Eight US civil rights groups have asked the OSCE for help, expressing concern that millions of Americans could be excluded from the November 2012 election due to new voter ID laws that make it more difficult to cast a ballot.
The civil rights groups, which include the National Association for the Advancement of Colored People (NAACP), went to the Organization of Security and Co-operation in Europe (OSCE) to ask for help. The OSCE, which represents 56 European, Central Asian and North American countries, will likely pass on the information to its team of observers monitoring the elections in 40 states, the Guardian reports. Observers include 13 international experts based in Washington, D.C. and 44 long-term observers from 23 countries.
Civil rights groups are worried that Americans who are young, elderly, poor or of a minority race could be unable to cast a ballot due to new voter ID laws across 17 states. A study by the University of Chicago and Washington University found that under the new laws, as many as 700,000 minorities under the age of 30 would be ineligible to vote.
“Our estimates are conservative. We are looking at demobilization from 9 to 25 percent,” Cathy Cohen, an expert on young and minority voters who worked on the study, told the Associated Press. “If young people really have valid IDs at a rate of only 25 or even 50 percent, the number of young people of color disenfranchised will be even greater than what we estimate.”
Civil rights groups have also cited concerns that voter ID laws could keep disabled and women voters from casting their ballots. States they were most concerned about included Pennsylvania, Ohio, Florida, Texas and Wisconsin. The groups have asked the OSCE to send its observers to these states.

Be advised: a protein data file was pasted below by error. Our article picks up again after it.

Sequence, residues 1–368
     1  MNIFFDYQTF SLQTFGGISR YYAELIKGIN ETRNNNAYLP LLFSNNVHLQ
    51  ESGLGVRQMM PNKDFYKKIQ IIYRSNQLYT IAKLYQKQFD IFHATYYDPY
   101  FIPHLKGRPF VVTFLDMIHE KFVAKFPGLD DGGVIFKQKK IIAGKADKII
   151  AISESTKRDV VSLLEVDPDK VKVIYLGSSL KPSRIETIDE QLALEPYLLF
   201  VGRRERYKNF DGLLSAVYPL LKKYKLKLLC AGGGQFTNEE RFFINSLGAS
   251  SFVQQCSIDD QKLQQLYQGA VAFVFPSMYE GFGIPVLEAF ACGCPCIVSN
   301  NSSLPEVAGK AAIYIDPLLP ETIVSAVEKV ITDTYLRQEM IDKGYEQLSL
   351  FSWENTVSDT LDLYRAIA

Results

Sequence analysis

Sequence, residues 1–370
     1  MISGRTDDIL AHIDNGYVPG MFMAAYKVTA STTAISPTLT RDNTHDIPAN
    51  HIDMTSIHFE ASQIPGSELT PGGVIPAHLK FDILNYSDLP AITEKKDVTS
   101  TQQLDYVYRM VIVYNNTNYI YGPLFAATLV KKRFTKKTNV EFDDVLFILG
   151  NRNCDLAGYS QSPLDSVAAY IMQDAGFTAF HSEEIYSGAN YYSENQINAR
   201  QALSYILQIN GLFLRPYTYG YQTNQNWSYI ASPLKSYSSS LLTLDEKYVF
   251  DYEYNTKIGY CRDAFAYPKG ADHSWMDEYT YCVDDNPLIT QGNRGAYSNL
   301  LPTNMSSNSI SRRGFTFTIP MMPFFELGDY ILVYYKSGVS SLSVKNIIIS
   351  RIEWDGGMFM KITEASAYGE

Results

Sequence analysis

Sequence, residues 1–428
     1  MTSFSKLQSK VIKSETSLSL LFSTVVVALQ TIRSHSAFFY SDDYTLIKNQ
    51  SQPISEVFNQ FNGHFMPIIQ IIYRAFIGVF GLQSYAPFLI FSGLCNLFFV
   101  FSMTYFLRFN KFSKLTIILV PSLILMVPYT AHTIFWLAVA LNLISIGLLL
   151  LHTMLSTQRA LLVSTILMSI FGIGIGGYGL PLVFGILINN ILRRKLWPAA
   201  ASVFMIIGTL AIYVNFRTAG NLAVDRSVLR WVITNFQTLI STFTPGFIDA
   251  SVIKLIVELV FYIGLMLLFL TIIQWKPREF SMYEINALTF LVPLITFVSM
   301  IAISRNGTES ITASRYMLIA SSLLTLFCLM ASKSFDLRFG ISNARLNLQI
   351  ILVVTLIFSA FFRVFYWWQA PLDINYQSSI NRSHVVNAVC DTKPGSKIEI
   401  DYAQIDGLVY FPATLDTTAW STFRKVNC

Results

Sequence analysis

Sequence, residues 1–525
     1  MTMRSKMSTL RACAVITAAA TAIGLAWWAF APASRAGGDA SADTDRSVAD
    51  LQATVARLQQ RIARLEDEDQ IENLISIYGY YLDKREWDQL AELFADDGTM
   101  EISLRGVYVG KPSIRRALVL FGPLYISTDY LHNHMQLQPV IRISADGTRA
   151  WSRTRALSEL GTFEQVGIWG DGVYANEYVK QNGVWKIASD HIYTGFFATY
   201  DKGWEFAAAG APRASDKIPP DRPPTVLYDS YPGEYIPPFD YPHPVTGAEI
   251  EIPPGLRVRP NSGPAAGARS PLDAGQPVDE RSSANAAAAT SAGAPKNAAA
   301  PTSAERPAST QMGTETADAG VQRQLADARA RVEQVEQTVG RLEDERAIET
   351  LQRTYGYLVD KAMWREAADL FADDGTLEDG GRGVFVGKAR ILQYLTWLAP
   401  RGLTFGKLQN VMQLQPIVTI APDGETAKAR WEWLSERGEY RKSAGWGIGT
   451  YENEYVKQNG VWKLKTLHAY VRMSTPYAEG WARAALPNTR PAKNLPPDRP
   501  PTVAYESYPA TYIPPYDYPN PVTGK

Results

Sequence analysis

The OSCE will be present at the US elections to ensure the voting procedures comply with international obligations and the standards for democratic elections. Its mission was opened Oct. 9 and is led by OSCE ambassador Daan Everts.
“The mission will analyze the legislative framework and its implementation and will follow campaign activities, the work of the election administration and relevant government bodies, including voter registration, and the resolution of election disputes,” reads a statement by the OSCE.
The OSCE plans to issue interim reports before the election, but will publish a report thereafter, detailing the compliance of the voting centers with international laws.
The controversial new voter ID laws could prevent 11 percent of eligible voters across 10 states from voting, according to the Brennan Center for Justice at New York University.
The states with the new ID laws hold 127 electoral votes – nearly half of the 270 required to win the election. The Brennan Center study concludes that if these laws truly keep such a large percentage of Americans from voting, they could have a “major impact on the outcome.”